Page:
Measuring and Disentangling Ambiguity and Confidence in the Lab
AbstractIn this paper we present a novel experimental procedure aimed at better understanding the interaction between confidence and ambiguity attitudes in individual decision making. Different ambiguity settings not only can be determined by the lack of information in possible scenarios completely “external” to the decision-maker, but can also be a consequence of the decision maker’s ignorance about her own characteristics or performance and, thus, deals with confidence. We design a multistage experiment where subjects face different sources of ambiguity and where we are able to control for self-assessed levels of competence. By means of a Principal Component Analysis, we obtain a set of measures of “internal” and “external” ambiguity aversion. Our regressions show that the two measures are significantly correlated at the subject level, that the subjects’ “internal” ambiguity aversion increases in performance in the high-competence task and that “external” ambiguity aversion moderately increases in earnings. Self-selection does not play any role. View Full-Text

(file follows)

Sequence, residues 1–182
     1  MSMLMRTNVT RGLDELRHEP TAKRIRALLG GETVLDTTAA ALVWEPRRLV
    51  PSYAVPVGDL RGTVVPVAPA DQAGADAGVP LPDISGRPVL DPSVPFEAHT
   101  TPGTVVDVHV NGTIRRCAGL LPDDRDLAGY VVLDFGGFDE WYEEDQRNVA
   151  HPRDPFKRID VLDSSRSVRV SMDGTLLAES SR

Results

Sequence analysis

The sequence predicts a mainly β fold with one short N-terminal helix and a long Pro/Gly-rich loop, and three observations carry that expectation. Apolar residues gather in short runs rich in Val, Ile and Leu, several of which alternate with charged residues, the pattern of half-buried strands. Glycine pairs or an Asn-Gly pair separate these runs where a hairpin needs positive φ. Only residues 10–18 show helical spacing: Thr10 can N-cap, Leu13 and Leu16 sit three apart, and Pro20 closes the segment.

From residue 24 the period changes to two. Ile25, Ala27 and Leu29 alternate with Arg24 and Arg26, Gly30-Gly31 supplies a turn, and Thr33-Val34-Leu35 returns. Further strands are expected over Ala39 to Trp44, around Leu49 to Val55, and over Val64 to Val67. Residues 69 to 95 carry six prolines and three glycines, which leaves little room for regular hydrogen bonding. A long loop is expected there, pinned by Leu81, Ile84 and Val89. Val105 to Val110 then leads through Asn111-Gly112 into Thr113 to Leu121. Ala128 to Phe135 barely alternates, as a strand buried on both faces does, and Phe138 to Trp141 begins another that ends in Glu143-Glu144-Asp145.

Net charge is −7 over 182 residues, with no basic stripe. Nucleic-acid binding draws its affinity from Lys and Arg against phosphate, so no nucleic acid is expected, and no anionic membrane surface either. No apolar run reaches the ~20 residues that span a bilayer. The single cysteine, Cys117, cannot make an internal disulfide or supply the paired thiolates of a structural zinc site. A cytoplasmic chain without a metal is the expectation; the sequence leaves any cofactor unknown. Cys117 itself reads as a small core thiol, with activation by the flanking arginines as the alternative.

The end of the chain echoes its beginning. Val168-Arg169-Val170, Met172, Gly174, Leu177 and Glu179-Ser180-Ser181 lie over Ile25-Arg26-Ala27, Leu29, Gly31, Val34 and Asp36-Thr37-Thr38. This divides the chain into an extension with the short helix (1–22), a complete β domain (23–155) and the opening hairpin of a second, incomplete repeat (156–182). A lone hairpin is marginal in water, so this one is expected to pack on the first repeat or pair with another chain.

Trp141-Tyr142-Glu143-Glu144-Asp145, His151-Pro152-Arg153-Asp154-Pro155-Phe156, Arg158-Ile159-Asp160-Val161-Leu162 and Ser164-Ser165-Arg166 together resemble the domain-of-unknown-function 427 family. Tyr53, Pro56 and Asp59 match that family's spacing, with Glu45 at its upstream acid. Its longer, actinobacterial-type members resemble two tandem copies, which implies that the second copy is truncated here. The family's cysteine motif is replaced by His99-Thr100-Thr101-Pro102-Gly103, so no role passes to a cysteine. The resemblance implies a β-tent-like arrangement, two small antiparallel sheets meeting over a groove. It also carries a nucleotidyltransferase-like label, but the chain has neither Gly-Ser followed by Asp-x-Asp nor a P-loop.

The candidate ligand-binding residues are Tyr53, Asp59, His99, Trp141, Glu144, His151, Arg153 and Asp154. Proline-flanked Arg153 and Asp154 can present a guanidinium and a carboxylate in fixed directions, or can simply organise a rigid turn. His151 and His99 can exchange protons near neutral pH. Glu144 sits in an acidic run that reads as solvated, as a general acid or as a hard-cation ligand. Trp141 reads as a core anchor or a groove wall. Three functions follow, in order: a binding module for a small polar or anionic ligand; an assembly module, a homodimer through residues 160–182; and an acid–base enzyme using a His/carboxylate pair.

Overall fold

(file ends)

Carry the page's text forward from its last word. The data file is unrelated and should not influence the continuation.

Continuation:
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Di Cagno, D.; Grieco, D. Measuring and Disentangling Ambiguity and Confidence in the Lab. Games 2019, 10, 9.
Di Cagno D, Grieco D. Measuring and Disentangling Ambiguity and Confidence in the Lab. Games. 2019; 10(1):9.Chicago/Turabian Style
Di Cagno, Daniela; Grieco, Daniela. 2019. "Measuring and Disentangling Ambiguity and Confidence in the Lab." Games 10, no. 1: 9.
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